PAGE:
What We Live For, What We Die For by Serhiy Zhadan | Book Review

What We Live For, What We Die For by Ukrainian writer, Serhiy Zhadan born in Luhansk Oblast (Eastern Ukraine), currently living in Kharkiv where he supports defense of the city and his country.

Zhadan’s collection of poems written between 2001 and 2015 reminds us that Ukraine is an extremely diverse and multifaceted country with its unique history, culture, and identity. His poems express the richly nuanced and complex Ukrainian experience in post-Soviet times after 1991 – these poems bear witness to the turmoil in the world he inhabits. Snapshots of Ukrainian life presented in Zhadan’s writing are an expression of humanness and a certain universality when it comes to the meaning of ‘homeland’ and loss of home.  

Zhadan’s writing masterfully reflects the fabric of Ukrainian society as well as everyday existence, difficulties, disillusionment and problems of ordinary Ukrainian people mainly from working-class background including soldiers, students, middle-aged business owners, farmers, immigrants, minorities. Zhadan’s empathy for his fellow countrymen is profound – and he shows a deep understanding towards people’s attitudes which are very different to his own, without compromising his own moral compass. The history and its impact on the lives of the ordinary people, the repetition of past mistakes is also addressed in a number of poems appearing in this collection. Zhadan’s poems can be treated as one of many vehicles to understand the current events and war in Ukraine. The issues portrayed in his writing are those of common shared humanity and universality.

At this moment when Ukrainians fight for the right to exist in their own land with their own identity, it is important that Ukrainian stories are told by Ukrainians themselves. Despite Ukraine having existed for over thousand years, its literature and culture has been literally unknown to the wider audience in Western Europe, Africa, Americas or Asia. Only the Revolution of Dignity, also known as the Maidan Revolution (2013 – 2014), the war in Donbas (Eastern Ukraine) which started in 2014 followed by the full-scale invasion which began on 24 February 2022 sparked an interest in Ukrainian literature among the readers in other parts of the world.  Let us remember that the twentieth century was particularly brutal time for Ukraine and Eastern Europe in general.  When Ukraine finally achieved a long-awaited independence in 1991 after the collapse of Soviet Union, the culture and literature has flourished expressing the nuanced rich Ukrainian identity.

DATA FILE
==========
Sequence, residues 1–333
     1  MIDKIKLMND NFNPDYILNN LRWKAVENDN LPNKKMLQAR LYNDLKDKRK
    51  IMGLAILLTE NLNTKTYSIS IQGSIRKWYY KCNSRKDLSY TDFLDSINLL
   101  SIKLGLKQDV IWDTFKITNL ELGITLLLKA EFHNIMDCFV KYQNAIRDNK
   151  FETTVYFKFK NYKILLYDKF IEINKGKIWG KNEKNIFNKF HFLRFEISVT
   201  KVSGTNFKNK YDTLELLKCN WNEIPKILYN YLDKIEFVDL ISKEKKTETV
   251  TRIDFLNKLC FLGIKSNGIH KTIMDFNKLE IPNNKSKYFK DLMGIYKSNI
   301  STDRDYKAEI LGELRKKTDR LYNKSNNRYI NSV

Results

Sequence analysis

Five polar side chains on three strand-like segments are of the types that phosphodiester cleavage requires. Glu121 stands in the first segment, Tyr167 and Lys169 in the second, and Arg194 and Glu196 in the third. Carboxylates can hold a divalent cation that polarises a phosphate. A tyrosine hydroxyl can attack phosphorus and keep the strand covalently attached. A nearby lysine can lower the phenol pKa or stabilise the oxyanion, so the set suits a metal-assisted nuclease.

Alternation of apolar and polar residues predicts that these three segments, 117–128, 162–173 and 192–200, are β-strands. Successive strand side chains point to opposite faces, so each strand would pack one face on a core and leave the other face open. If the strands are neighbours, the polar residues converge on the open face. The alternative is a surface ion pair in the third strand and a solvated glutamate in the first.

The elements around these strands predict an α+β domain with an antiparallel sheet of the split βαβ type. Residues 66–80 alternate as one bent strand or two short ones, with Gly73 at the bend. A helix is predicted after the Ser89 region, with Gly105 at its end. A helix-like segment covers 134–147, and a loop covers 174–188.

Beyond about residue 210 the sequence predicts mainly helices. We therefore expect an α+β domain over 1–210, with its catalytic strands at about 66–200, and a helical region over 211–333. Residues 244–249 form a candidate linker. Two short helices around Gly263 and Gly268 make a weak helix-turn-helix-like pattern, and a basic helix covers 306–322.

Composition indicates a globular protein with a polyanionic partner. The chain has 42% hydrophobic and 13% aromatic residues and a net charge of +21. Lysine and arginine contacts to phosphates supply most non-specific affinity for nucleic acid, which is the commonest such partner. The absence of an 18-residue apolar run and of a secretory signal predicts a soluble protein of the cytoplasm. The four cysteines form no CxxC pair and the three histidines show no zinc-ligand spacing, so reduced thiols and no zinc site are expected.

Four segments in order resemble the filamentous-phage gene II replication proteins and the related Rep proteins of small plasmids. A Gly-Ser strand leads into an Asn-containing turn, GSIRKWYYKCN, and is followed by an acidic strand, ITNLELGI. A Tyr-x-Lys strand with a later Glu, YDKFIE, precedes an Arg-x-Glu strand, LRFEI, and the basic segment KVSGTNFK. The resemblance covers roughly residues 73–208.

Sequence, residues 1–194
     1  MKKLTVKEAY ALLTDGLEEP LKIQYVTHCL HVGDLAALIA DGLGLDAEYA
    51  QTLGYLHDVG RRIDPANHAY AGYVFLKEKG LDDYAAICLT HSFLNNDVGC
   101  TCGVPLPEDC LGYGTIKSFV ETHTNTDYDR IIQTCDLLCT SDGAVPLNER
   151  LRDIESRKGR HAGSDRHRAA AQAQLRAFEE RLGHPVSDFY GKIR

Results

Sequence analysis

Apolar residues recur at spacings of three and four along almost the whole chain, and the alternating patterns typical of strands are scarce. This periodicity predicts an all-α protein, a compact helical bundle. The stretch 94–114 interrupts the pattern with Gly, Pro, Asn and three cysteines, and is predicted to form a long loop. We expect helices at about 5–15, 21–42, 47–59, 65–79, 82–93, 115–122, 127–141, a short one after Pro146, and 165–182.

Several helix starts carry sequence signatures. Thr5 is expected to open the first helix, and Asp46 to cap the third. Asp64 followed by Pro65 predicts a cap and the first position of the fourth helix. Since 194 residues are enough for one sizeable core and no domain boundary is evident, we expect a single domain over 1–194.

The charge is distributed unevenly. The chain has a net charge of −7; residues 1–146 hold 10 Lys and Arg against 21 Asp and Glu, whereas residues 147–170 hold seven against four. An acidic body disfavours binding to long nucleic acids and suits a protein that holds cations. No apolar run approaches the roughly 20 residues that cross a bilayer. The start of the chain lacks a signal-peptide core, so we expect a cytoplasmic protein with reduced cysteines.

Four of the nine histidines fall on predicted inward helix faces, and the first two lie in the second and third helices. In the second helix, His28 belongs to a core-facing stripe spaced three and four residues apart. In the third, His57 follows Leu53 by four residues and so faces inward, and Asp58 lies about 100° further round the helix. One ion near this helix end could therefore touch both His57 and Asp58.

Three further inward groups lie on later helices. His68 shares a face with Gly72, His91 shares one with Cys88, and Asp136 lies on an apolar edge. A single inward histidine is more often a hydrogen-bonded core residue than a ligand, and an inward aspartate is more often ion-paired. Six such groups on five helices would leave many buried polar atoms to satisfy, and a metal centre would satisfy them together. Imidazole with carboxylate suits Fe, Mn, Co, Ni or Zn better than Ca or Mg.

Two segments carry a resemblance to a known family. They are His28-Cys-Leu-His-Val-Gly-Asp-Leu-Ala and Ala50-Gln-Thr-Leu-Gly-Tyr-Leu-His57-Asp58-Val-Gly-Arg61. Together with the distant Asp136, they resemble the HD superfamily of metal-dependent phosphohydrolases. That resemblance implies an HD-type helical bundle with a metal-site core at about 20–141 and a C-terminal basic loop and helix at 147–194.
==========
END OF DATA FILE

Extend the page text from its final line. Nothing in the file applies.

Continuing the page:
Born in 1974, Zhadan is of the last generation who grew up in Soviet Ukraine and the first one that came out of age in the independent, post-Soviet Ukraine. He occupies a particular position when it comes to writing about the events of the last decades. Undoubtedly, Zhadan is one of the major Ukrainian literary voices of the last decade of the 20th century and the beginning of the 21st century.

For many English-speakers this collection of poems constitutes a great little introduction to Zhadan and an important piece of work for our times.

I would also highly recommend you read his novel The Orphanage which I have already reviewed. It is an outstanding piece of work which brings closer the reality of war in Donbas (which started in 2014).

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